I’m a big fan of maxims, adages, anything that sums up an important, and possibly complex point in a sentence that can convey, if not the whole point, at least a conversation starter. The main challenge for a technology manager is communication, particularly with those who are uninterested and/or threatened by technological terms. I live and breathe this stuff, but I understand that I’m in the ten percent, the ten percent of people who like and are completely comfortable with technology. The rest of the world ranges from averse to highly competent, but not gaga over it all, like I am. Remembering that, and approaching each project and decision with that in mind, has helped me accomplish significant things for people who aren’t necessarily bought in to all of my ideas on first listen.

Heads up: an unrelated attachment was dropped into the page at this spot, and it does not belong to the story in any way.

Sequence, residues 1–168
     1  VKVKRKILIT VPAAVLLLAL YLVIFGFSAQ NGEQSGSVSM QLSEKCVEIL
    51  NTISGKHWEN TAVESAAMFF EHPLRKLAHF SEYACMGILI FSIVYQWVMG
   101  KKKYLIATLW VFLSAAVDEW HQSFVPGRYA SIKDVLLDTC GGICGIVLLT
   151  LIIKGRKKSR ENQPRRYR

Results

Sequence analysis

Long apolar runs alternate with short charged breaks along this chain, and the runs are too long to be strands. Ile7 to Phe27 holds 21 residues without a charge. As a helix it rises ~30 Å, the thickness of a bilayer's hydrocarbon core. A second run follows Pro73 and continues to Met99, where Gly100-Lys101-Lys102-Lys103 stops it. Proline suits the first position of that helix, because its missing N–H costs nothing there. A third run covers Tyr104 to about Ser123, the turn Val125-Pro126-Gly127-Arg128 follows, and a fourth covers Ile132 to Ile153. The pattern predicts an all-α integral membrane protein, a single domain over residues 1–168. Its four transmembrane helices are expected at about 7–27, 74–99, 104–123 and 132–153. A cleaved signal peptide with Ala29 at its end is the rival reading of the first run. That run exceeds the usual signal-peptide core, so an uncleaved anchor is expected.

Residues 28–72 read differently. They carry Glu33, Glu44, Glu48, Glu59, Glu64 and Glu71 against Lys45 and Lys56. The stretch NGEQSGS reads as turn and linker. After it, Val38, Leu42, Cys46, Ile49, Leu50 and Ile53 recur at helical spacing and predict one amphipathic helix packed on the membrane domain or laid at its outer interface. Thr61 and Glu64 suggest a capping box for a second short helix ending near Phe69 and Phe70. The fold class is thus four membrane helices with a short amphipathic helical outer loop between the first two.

Last week, I jumped pretty deep into a debate on the perennial “Should non-profits run more like for-profit businesses?” question. The debate is still going on at Deborah Elizabeth Finn‘s excellent Information Systems Forum. A number of comments supported the idea that non-profits are very different from for-profit businesses and should remain so: There were numerous referrals to horror stories where a new exec or a board member had imposed a more business-like structure on a non-profit to disastrous results. Others suggested that non-profits, being mission-based, as opposed to profit-based, are fundamentally different from for-profits. And some went further by limiting the concept of efficiency… Read More »Are there barriers to effective non-profit management?